Charter advocates say LAUSD must hand over classrooms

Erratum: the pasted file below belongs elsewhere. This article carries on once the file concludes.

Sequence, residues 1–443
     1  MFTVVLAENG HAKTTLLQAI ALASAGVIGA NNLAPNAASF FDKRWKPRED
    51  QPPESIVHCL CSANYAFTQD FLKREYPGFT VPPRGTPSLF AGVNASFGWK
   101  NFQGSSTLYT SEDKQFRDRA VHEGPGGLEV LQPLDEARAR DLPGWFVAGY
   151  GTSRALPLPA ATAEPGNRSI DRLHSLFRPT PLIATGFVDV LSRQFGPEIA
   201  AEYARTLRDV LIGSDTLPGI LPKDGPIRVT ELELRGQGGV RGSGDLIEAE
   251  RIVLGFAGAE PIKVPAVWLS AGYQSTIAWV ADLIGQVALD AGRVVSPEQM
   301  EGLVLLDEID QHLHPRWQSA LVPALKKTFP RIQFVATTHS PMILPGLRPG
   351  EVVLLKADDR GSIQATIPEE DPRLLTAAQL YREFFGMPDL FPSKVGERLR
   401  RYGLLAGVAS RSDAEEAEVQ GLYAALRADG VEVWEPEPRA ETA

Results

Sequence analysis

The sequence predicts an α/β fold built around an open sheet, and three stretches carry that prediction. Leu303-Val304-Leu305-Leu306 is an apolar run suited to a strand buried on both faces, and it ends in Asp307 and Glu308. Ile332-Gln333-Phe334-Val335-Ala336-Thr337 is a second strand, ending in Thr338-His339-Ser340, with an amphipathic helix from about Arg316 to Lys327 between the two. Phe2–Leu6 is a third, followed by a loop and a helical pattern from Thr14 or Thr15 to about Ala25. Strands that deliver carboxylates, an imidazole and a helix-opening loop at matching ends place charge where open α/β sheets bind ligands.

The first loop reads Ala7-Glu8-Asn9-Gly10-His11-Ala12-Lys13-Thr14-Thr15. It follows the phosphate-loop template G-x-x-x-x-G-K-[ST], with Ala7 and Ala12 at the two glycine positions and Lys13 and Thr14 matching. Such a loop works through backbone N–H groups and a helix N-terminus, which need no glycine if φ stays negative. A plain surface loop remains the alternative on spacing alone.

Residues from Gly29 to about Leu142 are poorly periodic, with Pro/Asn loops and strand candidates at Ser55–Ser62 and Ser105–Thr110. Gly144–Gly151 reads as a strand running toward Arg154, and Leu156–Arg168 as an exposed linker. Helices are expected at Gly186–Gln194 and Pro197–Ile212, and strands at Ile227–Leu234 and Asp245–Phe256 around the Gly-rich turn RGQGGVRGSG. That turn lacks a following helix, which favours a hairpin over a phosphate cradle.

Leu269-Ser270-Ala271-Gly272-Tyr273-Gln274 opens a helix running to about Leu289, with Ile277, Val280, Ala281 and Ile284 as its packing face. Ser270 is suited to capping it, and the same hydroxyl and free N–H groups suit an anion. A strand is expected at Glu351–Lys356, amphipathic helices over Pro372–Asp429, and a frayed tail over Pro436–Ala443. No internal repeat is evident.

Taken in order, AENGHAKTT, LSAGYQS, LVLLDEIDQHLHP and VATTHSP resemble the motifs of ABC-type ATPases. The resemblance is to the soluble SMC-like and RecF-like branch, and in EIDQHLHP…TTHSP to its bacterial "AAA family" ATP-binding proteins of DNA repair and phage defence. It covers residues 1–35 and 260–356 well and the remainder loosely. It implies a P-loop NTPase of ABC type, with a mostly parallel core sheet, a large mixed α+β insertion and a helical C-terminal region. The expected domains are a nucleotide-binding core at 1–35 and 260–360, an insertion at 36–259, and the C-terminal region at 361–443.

first_imgDistrict officials deny the association’s allegations, saying they have tried to work with charter leaders but have only limited resources themselves. “I think we’re on the leading edge of the charter-expansion movement in this country, and a lot of times we’re breaking new ground,” said Jim Cowell, director of construction at LAUSD. “We’re very committed to charter-expansion opportunities because we realize that charter-school children and LAUSD children are all public-school children, and we’re working hard to provide adequate facilities for them.” In fact, the district is in the middle of a school construction boom, funded by $11 billion in bonds that voters have approved over the last five years. The district has allocated $120 million of that bond revenue to charters, including $20 million to purchase land for campus construction, Cowell said. The district also has earmarked an additional $67.2 million for charters from funds to build traditional schools. HOW WOULD YOU FIX LAUSD? Share your thoughts in The Education Revolution, our new education blog. Despite a voter-approved law requiring school districts to share resources with charter campuses, LAUSD is withholding $85 million from the independent schools and has fulfilled only two requests for facilities since 2005, according to records and interviews. The California Charter Schools Association plans to step up pressure on the Los Angeles Unified School District to comply with Proposition 39, which was passed in 2000 and requires school districts to provide sufficient facilities to accommodate every charter school’s students. Association officials say the district is trying to stymie the growth of the booming program by unreasonably restricting access to cash and classrooms. “They just don’t take seriously their legal requirements to provide facilities to charter school students,” said Caprice Young, a former LAUSD board member who now heads the Charter Schools Association. “Their record has been absolutely abysmal. They treat charter students like second-class citizens.” But Young complains the district has spent just $35 million of the $120 million to provide badly needed facilities for charter students. She questions why the district hasn’t been more forthcoming – and more aggressive – with its plans for the remaining $85 million. “We’ve been more than patient. Over the last several years we have provided proposals over and over again on how to provide seats in overcrowded neighborhoods, and we’ve been consistently ignored,” Young said. The association’s complaints notwithstanding, the district has provided facilities for some charters, including the NEW Academy Charter, part of a landmark mixed-use project in Canoga Park. But Young says those kinds of investments are too few and far between. She says LAUSD has denied or made “unreasonable” offers – the facility proposed did not have enough space or it was too far from the community served – in 57 of the 59 facilities requests made by its charter schools from 2005 to 2007. For example, College Ready Academy, with 238 students, was offered the use of four classrooms at a campus 27 miles away from students, Young said. And Synergy Charter Academy, which requested at least eight classrooms close to the South Los Angeles homes of its 140 students, was offered four classrooms at a school in Venice. So Synergy, like many schools, found itself operating out of a parish center adjacent to St. Patrick Church. That means that teachers have to create a classroom setting every Monday morning – laying down rugs, taking books out of storage, reconfiguring desks – then dismantle it every Friday afternoon. “We need to grow to sustain operations, to serve students,” said Meg Palisoc, the principal at Synergy, which boasts Academic Performance Index scores of 813 on the state’s standardized tests. The statewide goal is 800. “I hope the district is trying its best to find our school a facility.” The district says the demand for independent campuses is growing so quickly – there are already 103 charters, more than any other district in the nation – it simply can’t keep up. But with an April 1 deadline looming for releasing a facilities plan under Proposition 39, district and charter officials both say they are looking at all alternatives. The charter association may be weighing a lawsuit like one filed last year against San Diego Unified, which forced that district to significantly expand its facilities offerings. The number of charter schools that got “reasonable” offers of facilities subsequently jumped from 11 to 79 percent. Los Angeles Unified officials, meanwhile, are considering policy changes that would allow them to free up more bond money for charters. “We can work in partnership and collaboration with charters, because if they provide opportunities for students in critically impacted areas, that helps everybody,” Cowell said. Experts say the law that mandated equal treatment for charter students created a dilemma for school districts, forcing them to cooperate with a movement designed to reform the status quo. “At the base of it, it seems to me it’s just cold politics. You’ve got both parties acting in their self-interest,” said Penny Wohlstetter, a professor and director of the Center on Educational Governance at the University of Southern California. “That’s why the courts need to come in to resolve this. This problem is not going to be resolved through negotiations between the two parties.” She noted that some states have made disinterested third parties responsible for charter operations in order to remove politics from the equation. “In L.A. Unified’s defense, they never asked for that responsibility,” Wohlstetter said. “We may end up seeing this issue come to the fore in California.” (818) 713-3722 160Want local news?Sign up for the Localist and stay informed Something went wrong. Please try again.subscribeCongratulations! You’re all set!last_img